- Finding and spearheading game-changing initiatives that will inspire teams.
- Using analytics to identify and create new growth opportunities for the staff through skill development programs.
- Setting up new avenues for collaboration and communication to enhance innovation. And working toward developing a flexible workplace that enables, empowers, and rewards agile teams.
- Using HR analytics and cognitive technologies to drive company initiatives.
- Pursuing the data and insights that define the value of the team. Anticipate hiring needs and industry trends with analytics, and invest in developing the talent pipeline that meets the business’ future demands.
- Incorporating tools that make data and analytics accessible, and creating actionable insights from HR data to make better business decisions.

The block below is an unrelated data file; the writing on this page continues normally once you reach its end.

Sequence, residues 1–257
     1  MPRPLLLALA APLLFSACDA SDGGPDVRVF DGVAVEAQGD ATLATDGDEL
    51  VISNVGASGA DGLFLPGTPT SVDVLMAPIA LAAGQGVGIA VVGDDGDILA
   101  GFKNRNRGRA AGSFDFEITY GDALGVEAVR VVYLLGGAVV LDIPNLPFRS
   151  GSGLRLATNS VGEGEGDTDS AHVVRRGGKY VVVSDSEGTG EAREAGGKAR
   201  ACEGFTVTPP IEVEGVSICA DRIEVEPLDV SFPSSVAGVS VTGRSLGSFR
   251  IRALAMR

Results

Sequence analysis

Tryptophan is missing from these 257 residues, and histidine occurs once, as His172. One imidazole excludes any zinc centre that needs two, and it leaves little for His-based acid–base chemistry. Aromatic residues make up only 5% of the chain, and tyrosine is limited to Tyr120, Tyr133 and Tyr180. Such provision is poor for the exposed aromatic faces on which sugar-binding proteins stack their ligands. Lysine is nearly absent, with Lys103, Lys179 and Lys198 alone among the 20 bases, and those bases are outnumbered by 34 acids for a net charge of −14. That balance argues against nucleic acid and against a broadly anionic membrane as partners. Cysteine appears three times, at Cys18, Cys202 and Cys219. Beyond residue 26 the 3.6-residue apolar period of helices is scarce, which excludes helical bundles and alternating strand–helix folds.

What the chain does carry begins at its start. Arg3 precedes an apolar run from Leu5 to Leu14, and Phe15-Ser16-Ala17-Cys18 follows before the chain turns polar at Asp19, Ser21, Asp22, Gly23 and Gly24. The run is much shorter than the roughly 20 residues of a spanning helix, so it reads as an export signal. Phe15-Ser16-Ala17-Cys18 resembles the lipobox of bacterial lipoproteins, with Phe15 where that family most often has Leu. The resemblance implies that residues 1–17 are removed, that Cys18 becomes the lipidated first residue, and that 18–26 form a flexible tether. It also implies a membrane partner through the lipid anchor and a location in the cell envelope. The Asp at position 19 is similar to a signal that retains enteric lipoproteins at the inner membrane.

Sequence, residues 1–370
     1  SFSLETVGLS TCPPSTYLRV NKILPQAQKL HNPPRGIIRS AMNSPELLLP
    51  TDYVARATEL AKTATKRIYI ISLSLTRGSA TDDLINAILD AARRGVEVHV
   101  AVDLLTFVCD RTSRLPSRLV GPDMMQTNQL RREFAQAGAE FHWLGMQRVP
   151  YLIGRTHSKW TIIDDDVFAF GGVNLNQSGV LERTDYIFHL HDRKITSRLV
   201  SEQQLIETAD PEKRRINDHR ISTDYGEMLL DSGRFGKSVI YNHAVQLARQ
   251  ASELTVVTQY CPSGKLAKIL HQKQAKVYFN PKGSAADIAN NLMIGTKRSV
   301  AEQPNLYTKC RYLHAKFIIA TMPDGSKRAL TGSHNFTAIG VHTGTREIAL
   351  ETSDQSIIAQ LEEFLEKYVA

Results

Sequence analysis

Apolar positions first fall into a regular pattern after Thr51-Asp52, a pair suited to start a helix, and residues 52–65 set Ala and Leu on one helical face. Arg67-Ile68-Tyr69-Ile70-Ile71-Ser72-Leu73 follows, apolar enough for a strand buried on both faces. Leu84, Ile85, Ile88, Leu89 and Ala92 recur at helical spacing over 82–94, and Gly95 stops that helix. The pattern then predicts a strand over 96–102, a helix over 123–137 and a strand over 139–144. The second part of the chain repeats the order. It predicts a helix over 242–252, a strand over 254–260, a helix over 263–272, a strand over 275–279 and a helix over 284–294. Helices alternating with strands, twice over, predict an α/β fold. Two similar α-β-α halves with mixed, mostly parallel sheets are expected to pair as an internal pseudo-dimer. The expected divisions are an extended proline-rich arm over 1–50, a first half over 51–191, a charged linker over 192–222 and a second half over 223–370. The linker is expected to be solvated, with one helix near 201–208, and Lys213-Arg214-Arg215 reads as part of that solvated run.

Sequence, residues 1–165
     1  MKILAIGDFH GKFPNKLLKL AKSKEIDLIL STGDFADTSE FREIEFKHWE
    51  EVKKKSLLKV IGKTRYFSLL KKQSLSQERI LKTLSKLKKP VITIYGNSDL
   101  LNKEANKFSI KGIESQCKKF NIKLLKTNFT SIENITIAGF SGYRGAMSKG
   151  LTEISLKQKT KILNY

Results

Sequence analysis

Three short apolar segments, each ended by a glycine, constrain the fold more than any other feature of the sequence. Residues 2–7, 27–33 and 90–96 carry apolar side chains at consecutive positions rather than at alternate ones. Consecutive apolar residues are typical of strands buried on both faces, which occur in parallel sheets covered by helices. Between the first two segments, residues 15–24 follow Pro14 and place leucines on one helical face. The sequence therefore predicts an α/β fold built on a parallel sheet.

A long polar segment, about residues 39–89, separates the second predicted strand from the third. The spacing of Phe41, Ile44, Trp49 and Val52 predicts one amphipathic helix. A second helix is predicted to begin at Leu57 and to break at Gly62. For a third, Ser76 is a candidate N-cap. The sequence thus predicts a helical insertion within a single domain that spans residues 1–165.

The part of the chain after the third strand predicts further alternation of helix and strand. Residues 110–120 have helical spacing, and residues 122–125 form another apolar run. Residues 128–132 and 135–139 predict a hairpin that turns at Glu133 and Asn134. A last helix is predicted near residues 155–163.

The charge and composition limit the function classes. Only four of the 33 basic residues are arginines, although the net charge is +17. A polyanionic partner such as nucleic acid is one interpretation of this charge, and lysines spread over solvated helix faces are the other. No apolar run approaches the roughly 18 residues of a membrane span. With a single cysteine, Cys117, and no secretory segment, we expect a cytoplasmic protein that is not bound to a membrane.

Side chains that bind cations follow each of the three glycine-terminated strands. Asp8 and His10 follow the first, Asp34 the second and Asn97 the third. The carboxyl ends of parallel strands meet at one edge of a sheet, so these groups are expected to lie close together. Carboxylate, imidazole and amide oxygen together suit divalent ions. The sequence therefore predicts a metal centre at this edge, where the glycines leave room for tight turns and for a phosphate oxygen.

In case you couldn’t tell, the solution is cognitive systems. They allow companies to bring together the data sources around social, HR and their entire business seamlessly to give a holistic view of the organization. HR leaders can interact with cognitive systems, which understand natural language, learn from experts and all types of data, and even reason in order to formulate hypotheses, e.g., scenarios with probabilities. Cognitive systems never stop learning. So a cognitive system can fundamentally change your competitive advantage, help you scale your best thinkers, and enhance their absorption and application of knowledge. Cognitive systems are creating a new partnership between humans and technology by enhancing, scaling, and accelerating human expertise. Just imagine the possibilities of people and systems being able to draw from one another, build on each other’s thinking, find areas of improvement, and change the way things have always been done. The possibilities are endless. It’s up to us how we realize their potential to transform HR.A technology veteran with more than 30 years of experience creating, building, and running businesses for leading Silicon Valley companies, Robert Schultz is general manager of IBM Kenexa. Schultz is responsible for the strategy, product development, consulting, cloud delivery, and customer service for all of IBM Kenexa’s solutions. For more information about IBM Kenexa, visit http://www-01.ibm.com/software/smarterworkforce/cognitive-hr/.